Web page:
As expected, the Rangers activated both Josh Hamilton (arm) and Nelson Cruz (quad) from the disabled list on Monday. But they also made another move, bringing up reliever Yoshinori Tateyama from Triple-A Round Rock.
The 35-year-old Tateyama, who was signed to a one-year deal in the offseason, had a 2.14 ERA and a 26/4 K/BB ratio in 21 innings for the Express. Righties hit just .186 off him, and the Rangers might be hoping he can do a Darren O’Day approximation in a setup role.
Of course, Hamilton and Cruz will make bigger impacts. Hamilton is batting third and DHing tonight against the White Sox, while Cruz is hitting sixth and playing left field.
Getting dropped from the roster to make room were infielder Chris Davis, third catcher Taylor Teagarden and right-hander Cody Eppley.
Davis hit .250/.321/.479 with three homers in 48 at-bats during his time with the Rangers, so he didn’t hurt his trade value at all.
The Yankees fell behind early to the Orioles on Sunday afternoon, a day after dropping both ends of Saturday’s doubleheader. Their game, as did every other game on Sunday with the exception of the Braves-Cardinals doubleheader, started at 3:05 or 3:10 EDT, a change Major League Baseball recently made to create fairness on the final day of the season.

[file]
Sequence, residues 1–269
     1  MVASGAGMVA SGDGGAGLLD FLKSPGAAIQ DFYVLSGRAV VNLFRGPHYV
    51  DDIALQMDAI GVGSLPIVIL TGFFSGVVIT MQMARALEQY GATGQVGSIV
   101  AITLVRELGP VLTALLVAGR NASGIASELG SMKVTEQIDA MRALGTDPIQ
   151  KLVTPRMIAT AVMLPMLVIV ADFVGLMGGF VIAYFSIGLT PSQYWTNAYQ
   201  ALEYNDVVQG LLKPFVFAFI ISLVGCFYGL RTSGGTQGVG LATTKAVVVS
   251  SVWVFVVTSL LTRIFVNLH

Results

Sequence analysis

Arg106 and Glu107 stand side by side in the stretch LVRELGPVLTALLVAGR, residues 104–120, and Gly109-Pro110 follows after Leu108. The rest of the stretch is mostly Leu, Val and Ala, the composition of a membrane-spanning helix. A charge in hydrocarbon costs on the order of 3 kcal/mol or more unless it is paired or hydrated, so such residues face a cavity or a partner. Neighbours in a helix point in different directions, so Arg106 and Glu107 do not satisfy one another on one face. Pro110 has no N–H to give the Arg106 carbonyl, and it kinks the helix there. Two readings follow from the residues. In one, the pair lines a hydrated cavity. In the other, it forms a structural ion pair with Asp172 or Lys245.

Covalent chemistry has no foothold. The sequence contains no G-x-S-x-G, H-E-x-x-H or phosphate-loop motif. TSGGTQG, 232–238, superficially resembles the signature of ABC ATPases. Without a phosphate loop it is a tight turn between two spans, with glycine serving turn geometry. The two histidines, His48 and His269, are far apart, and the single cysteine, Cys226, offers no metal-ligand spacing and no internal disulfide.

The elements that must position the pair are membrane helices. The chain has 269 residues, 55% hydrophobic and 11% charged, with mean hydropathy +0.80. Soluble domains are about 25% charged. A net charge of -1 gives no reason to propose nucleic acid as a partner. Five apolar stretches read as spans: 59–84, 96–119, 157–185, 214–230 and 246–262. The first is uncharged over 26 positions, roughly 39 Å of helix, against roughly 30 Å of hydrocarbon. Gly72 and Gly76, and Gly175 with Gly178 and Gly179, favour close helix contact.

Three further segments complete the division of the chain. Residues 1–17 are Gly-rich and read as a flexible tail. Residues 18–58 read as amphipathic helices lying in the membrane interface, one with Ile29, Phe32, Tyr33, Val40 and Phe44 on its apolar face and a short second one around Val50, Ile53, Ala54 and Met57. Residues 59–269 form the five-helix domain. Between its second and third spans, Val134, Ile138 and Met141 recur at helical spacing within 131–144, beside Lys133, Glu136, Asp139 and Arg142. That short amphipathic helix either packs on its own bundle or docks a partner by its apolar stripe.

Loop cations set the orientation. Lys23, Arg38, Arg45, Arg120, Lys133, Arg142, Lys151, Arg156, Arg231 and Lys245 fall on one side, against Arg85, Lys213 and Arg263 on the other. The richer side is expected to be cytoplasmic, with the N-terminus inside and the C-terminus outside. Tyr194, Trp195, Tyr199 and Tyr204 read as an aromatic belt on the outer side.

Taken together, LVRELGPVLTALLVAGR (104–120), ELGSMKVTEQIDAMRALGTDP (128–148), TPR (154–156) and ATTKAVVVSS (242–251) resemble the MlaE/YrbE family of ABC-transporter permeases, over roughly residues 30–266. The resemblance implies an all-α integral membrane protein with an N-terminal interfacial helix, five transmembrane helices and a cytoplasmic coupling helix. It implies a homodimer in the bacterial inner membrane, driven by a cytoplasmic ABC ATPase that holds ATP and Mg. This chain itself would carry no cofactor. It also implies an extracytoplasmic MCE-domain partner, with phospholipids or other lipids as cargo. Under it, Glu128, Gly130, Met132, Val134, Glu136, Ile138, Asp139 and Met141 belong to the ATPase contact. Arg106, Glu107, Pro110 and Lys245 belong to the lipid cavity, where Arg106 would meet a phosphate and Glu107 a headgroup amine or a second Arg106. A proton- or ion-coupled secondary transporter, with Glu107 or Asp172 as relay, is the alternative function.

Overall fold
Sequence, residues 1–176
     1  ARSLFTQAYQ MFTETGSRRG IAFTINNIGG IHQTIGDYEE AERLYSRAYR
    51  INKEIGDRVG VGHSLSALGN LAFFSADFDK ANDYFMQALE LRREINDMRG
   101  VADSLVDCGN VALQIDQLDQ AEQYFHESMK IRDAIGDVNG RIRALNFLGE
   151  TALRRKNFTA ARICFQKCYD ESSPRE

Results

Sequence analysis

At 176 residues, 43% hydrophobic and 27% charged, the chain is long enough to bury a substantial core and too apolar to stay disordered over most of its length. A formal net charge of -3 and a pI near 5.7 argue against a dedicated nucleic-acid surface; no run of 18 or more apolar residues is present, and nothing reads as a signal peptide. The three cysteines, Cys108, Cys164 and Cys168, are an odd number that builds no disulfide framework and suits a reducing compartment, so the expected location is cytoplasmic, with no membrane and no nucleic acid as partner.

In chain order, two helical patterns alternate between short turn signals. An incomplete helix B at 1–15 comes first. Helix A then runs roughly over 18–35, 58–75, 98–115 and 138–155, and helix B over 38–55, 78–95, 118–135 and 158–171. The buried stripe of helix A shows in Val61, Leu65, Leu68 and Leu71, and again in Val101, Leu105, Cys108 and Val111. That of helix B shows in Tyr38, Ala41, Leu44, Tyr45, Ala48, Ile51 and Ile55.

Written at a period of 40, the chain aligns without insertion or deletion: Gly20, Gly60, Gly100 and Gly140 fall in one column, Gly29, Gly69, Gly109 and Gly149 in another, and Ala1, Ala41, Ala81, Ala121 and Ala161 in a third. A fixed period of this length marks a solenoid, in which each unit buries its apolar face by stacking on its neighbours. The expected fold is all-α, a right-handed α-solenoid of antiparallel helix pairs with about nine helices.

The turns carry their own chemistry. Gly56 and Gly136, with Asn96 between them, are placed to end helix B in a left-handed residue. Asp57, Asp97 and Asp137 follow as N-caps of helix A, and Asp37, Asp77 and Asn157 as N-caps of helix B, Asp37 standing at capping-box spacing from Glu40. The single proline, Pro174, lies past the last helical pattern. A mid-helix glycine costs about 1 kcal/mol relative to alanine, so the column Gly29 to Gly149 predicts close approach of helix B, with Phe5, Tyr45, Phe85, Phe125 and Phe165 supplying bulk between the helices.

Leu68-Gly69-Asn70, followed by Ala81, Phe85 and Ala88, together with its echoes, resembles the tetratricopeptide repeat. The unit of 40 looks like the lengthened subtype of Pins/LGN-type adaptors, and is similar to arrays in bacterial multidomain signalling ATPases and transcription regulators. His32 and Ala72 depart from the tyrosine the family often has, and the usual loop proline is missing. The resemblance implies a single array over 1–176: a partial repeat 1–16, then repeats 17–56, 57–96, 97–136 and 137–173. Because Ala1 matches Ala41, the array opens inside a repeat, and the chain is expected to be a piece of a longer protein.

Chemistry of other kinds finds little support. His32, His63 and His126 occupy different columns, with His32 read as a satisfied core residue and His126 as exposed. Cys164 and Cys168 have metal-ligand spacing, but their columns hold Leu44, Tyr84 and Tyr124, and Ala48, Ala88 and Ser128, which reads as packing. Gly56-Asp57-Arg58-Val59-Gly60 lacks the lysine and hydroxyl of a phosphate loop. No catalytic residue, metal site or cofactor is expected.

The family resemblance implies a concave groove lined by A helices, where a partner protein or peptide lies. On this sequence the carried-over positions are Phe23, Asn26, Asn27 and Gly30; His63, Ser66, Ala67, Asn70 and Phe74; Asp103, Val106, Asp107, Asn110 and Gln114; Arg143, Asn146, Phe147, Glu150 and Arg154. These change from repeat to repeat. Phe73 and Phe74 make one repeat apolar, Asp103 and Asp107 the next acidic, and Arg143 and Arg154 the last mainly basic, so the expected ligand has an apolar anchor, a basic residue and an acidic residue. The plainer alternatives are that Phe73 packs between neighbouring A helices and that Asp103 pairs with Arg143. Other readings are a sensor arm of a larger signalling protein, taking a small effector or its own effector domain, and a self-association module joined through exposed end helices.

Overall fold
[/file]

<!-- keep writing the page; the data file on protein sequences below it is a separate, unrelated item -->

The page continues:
Girardi is not a fan. Per the Associated Press:
It was cloudy at Camden Yards at 3:05 p.m., but late-afternoon games often make it difficult for batters to see pitches.
Girardi said, “Here’s the thing that bothers me: If it’s a sunny day you’re playing in shadows.”
He added, “If it’s the most important game of the year to get in, I don’t think that’s right.”
Understanding the idea is for every team to play at the same time, Girardi said, “Then play all night games.”
One wonders if MLB had scheduled Sunday’s slate of games for the night, if Girardi would have instead complained about batters losing fly balls in the stadium lights. Furthermore, both teams have to play in the same conditions.
Marlins outfielder Ichiro Suzuki was given an opportunity to play a new position in Sunday’s series finale against the Phillies. After the Phillies rallied to take a 6-2 lead in the seventh, the Marlins let Suzuki take the hill in the eighth. And, in news that surprises no one, he was impressive.
Though Suzuki gave up a run on two hits, he flashed a fastball that hit the mid-80’s and a breaking ball with some bite.
Suzuki, who turns 42 years old later this month, is 65 hits of 3,000 in his major league career. The Marlins are interested in bringing him back in 2016.